# How to Calculate the Tensile Capacity of a U-Bolt

Hard working construction worker at a construction scene. image by Andy Dean from Fotolia.com

The tensile capacity is the maximum stress that can be applied to an object by stretching or pulling the object before it becomes structurally compromised.

Determining the tensile capacity of U-bolts is important for determining the maximum loads that these bolts can handle, especially in construction and engineering applications. Calculating the tensile capacity of a U-bolt requires a bit of knowledge about the structural properties of the U-bolt material and some simple mathematics.

- The tensile capacity is the maximum stress that can be applied to an object by stretching or pulling the object before it becomes structurally compromised.
- Calculating the tensile capacity of a U-bolt requires a bit of knowledge about the structural properties of the U-bolt material and some simple mathematics.

Determine the cross-sectional area of the bolt. Since U-bolts are circular, this can be done by squaring the radius of the cross section of the bolt (i.e. multiplying the number by itself), then multiplying that number by the constant pi (3.14). For example, if the radius of the bolt is 0.05 inches, squaring this and multiplying by pi gives 0.785 square inches (in^2).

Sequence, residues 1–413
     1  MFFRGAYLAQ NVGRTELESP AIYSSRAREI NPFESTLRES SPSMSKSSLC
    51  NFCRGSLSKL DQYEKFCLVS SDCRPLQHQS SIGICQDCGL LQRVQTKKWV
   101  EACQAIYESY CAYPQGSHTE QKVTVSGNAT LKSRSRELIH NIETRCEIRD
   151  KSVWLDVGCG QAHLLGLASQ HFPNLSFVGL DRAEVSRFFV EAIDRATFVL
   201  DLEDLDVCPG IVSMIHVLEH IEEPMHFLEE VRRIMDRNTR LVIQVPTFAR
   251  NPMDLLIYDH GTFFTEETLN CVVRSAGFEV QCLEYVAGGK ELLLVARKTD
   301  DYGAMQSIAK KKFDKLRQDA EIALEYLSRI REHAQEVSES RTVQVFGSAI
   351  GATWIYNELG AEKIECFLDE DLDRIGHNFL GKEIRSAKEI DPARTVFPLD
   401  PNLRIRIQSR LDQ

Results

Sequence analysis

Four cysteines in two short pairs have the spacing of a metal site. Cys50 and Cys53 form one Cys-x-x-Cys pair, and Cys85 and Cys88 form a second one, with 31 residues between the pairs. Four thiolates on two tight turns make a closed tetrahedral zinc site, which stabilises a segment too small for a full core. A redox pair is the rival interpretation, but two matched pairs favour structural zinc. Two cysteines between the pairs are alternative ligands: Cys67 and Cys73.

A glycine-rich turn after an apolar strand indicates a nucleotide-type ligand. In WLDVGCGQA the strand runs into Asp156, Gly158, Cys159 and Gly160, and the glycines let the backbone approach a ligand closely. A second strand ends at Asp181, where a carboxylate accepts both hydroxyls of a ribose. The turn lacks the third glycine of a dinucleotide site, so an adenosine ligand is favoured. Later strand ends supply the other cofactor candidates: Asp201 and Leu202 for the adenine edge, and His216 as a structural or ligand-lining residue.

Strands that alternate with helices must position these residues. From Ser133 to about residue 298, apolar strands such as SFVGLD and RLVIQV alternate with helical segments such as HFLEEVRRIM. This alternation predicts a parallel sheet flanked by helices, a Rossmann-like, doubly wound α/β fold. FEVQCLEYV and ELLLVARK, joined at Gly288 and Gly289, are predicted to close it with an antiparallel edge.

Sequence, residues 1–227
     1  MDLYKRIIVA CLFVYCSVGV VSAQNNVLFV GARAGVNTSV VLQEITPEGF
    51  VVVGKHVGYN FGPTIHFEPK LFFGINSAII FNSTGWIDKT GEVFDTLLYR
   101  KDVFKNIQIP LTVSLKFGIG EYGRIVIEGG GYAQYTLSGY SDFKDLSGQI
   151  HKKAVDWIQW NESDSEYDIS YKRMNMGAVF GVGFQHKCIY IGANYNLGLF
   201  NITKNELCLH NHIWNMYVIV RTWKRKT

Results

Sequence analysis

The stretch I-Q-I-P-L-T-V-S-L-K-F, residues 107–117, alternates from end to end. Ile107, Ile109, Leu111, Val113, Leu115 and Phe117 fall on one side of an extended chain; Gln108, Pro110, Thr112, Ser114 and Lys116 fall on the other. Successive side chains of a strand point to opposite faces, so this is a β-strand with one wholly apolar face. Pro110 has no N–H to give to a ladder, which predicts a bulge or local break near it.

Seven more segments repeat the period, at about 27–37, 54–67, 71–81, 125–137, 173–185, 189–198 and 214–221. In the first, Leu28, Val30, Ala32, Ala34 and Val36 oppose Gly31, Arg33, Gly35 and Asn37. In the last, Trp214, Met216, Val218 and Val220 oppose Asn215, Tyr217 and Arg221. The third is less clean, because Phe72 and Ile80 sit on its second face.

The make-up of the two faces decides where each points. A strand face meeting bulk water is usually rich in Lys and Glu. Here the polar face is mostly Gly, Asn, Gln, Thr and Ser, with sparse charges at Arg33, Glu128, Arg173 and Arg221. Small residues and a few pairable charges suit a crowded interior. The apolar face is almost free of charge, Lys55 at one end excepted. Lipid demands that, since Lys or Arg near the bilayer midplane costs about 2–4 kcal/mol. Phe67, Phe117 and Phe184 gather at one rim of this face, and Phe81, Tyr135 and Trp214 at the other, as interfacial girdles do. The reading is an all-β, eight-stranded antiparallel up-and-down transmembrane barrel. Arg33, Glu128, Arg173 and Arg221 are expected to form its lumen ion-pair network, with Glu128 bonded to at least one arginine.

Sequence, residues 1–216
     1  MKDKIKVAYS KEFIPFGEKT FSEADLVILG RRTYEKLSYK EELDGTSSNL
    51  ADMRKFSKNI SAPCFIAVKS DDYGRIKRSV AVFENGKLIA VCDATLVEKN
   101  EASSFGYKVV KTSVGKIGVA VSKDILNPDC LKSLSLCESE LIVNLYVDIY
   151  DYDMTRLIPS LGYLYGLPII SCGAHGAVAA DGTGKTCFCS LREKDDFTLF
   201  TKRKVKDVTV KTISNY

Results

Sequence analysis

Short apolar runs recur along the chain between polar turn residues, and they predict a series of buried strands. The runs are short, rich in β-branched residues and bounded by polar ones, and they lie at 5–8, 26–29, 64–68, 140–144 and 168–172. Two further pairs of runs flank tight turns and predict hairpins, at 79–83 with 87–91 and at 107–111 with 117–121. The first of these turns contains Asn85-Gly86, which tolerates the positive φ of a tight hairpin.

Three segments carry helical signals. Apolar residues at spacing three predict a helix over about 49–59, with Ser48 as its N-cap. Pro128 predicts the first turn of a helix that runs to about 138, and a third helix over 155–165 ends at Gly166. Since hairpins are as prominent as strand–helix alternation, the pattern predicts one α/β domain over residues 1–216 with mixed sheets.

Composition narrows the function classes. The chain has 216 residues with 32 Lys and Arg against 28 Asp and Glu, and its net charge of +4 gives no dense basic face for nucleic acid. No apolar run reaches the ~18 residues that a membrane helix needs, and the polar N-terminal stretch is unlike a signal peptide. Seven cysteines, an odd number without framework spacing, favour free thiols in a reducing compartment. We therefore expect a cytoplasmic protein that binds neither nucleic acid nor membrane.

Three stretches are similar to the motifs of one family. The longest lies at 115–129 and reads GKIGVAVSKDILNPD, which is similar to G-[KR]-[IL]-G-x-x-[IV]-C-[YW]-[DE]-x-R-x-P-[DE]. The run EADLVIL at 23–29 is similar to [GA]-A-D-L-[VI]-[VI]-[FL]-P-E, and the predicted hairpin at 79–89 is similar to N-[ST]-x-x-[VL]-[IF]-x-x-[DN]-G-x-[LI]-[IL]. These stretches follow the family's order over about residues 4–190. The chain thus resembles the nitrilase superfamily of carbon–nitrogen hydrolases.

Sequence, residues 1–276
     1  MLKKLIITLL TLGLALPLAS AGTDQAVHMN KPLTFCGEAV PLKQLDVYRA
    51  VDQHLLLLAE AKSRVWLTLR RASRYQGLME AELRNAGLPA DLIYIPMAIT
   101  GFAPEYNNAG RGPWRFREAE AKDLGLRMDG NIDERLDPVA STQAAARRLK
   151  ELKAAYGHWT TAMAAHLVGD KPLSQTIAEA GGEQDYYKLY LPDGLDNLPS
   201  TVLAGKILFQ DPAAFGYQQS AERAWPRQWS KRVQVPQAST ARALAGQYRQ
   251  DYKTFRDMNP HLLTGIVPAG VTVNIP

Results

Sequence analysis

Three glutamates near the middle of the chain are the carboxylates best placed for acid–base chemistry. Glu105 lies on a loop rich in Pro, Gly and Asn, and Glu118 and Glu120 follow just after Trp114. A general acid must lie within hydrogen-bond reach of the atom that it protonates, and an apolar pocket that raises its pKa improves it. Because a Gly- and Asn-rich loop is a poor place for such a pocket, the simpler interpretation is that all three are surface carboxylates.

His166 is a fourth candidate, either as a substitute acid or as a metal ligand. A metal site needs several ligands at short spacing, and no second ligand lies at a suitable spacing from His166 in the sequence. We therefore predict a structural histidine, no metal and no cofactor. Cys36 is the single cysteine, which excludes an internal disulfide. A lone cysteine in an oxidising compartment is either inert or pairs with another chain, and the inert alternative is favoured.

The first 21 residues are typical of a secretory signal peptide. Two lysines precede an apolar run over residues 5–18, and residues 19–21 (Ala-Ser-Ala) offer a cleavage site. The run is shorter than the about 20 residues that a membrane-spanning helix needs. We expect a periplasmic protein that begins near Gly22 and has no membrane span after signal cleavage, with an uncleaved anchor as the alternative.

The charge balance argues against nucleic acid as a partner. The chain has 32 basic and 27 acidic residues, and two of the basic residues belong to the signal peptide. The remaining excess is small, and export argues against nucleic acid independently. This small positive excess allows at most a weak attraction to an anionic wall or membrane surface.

Multiply the tensile strength of the material by the cross-sectional area of the bolt. You can usually obtain the tensile strength of the material from the manufacturer. For example, if the tensile strength of the bolt is 181 Kilogram per square inch (lbs/in^2), multiplying this by the cross-sectional area of 0.785 in^2 gives 143kg.

Multiply the product of the tensile strength and the cross-sectional area by 0.56, a coefficient which differentiates shear capacity from tensile capacity. In our example, multiplying 14250 Kilogram by 0.56 gives 7980 Kilogram. This number is the tensile capacity of the U-bolt.

References

Writer Bio

Thomas Bourdin began writing professionally in 2010. He writes for various websites, where his interests include science, computers and music. He holds a Bachelor of Science degree in physics with a minor in mathematics from the University of Saskatchewan and a Master of Science in physics from Ryerson University.